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A Few Good Burps

Frequent crying. Endless feeding. Sporadic sleep. Normal baby behaviors? Not necessarily. In some infants, these simply mean that the baby needs to burp. Ask Lisa Stone-Norman, of Redwood City, CA, who found that it was best not to give in to temptation and let her son Jake fall asleep immediately after he finished a night feeding. "When I'd stay up to burp him, it paid off," she said.

A well-burped infant will be able to eat more at each feeding and, like Jake, sleep longer and more soundly between meals. "He'll also eat less often and cry less," says lactation consultant Fritzi Drosten, from Piedmont, CA.

To get the best burps out of a baby:

Assume the position. Try one of these three:

  • Place your baby so his head is nestled against your shoulder or, if his neck is strong enough, hold him with his head above your shoulder for the baby's comfort. Cradle his behind with your forearm.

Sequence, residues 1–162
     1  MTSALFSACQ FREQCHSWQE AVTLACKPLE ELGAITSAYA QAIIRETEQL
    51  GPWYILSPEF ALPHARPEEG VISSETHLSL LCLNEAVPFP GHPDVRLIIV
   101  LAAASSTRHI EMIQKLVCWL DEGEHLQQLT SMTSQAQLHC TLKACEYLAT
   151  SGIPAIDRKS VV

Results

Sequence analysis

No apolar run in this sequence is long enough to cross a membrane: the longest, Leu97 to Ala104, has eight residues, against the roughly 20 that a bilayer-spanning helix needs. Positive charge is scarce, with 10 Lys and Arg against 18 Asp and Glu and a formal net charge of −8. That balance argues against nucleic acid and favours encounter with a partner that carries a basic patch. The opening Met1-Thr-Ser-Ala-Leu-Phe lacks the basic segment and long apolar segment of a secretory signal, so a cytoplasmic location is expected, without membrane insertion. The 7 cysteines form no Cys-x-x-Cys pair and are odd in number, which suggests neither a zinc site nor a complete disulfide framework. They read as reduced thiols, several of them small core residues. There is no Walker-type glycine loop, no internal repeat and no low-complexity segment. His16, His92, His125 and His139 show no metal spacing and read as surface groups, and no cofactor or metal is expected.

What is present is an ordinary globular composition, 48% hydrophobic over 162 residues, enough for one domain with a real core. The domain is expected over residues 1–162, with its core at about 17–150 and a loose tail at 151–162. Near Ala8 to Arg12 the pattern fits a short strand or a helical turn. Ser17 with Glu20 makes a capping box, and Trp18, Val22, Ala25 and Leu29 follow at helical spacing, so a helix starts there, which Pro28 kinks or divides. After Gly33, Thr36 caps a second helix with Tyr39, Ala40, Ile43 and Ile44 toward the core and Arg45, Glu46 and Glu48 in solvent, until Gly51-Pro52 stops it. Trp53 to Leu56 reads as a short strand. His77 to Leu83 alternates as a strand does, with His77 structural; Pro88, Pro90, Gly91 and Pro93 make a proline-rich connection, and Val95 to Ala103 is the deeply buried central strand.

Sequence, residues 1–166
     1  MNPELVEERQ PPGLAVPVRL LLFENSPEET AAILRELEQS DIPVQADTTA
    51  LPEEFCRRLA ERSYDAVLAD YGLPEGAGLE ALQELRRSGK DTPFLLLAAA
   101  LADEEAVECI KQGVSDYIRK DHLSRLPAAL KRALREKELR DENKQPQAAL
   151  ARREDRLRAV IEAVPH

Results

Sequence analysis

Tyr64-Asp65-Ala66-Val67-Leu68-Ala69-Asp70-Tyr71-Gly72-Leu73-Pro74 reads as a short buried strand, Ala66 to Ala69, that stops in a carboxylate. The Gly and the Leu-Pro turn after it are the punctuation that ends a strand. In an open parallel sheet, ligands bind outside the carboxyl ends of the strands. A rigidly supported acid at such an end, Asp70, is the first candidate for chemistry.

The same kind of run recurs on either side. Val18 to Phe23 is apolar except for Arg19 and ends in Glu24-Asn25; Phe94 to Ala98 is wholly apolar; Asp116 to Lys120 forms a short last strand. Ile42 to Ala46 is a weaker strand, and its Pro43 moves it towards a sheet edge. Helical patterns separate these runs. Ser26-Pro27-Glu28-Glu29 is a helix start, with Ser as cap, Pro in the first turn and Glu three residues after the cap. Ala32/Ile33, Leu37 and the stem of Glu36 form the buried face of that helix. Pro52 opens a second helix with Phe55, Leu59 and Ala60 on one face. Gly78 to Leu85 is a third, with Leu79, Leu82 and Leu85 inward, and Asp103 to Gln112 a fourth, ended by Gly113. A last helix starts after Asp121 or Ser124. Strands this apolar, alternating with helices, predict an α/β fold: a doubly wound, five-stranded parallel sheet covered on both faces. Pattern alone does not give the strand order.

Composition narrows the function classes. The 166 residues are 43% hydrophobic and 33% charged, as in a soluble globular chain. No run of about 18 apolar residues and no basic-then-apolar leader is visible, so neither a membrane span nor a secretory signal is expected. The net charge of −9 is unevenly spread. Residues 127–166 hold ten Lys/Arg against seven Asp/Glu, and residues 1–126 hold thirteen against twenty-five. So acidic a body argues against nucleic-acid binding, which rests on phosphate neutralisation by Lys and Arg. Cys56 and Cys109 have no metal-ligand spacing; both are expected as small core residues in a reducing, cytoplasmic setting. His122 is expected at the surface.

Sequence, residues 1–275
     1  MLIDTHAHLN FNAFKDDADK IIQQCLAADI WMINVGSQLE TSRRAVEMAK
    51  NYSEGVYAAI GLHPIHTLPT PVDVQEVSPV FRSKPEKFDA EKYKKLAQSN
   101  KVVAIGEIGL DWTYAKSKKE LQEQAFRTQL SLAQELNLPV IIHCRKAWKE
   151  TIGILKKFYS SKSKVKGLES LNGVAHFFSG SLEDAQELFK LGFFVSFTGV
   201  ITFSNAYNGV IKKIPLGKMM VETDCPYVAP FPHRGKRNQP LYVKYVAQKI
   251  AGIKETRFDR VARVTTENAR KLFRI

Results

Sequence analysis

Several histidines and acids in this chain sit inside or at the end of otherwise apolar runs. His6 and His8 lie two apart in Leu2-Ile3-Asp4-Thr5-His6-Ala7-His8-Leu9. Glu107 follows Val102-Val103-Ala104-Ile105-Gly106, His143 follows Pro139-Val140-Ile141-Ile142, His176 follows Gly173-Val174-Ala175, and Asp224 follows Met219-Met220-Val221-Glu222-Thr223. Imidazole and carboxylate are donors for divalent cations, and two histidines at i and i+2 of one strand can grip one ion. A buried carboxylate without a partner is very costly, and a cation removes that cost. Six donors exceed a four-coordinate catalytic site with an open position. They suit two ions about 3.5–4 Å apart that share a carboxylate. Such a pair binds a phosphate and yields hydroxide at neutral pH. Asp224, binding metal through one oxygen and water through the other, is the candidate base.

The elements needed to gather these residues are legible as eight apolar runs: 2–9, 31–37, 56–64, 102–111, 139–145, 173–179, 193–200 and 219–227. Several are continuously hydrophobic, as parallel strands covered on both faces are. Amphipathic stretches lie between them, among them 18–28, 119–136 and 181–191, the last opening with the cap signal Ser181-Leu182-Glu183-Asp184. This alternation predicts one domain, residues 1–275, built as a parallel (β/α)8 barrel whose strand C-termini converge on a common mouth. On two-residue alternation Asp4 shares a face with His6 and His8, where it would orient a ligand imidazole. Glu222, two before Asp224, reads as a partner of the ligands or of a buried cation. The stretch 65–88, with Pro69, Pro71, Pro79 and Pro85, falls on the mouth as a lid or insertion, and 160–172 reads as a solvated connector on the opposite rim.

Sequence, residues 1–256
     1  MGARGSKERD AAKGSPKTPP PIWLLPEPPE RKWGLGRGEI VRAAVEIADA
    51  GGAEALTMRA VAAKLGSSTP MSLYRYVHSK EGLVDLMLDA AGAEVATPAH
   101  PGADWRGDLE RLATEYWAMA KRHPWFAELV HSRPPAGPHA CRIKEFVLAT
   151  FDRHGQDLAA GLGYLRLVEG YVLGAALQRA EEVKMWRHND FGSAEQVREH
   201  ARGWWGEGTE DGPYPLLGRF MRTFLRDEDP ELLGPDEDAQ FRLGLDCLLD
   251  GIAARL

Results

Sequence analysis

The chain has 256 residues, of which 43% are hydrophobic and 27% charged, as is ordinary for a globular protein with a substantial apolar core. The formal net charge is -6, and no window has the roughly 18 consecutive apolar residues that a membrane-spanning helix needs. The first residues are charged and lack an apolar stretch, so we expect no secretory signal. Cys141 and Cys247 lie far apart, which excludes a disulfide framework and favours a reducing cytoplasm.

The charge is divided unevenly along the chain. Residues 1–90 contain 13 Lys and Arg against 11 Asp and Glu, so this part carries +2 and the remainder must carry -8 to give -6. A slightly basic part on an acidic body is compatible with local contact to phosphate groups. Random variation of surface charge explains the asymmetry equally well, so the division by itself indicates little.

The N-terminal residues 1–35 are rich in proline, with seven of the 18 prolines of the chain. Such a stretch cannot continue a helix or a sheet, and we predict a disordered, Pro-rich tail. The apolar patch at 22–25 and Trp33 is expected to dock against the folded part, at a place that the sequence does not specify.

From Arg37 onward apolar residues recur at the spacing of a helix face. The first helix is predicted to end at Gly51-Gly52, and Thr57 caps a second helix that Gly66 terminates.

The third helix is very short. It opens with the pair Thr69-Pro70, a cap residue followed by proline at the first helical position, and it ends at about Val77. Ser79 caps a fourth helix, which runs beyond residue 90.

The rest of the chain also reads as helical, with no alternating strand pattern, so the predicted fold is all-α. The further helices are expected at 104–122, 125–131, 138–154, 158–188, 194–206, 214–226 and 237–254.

• Sit him up on your lap and support his chin by cupping it in your palm. Don't allow his body to bend too far forward, which prevents air bubbles from rising.

  • For some babies older than 2 months, lying facedown across your thighs is most comfortable. Raise one of your legs slightly to position his head above stomach level. Then gently pat or rotate your hand on his back.

Don't take it too easy. Rub or gently pat your baby's back. If that doesn't get you anywhere, pat a little harder.

Know when to give up. No baby burps after every single feeding. If your baby doesn't burp after several minutes, don't fret.

Be flexible. If your baby is crying, he won't be comfortable enough to burp. Try changing positions or walking around while burping him.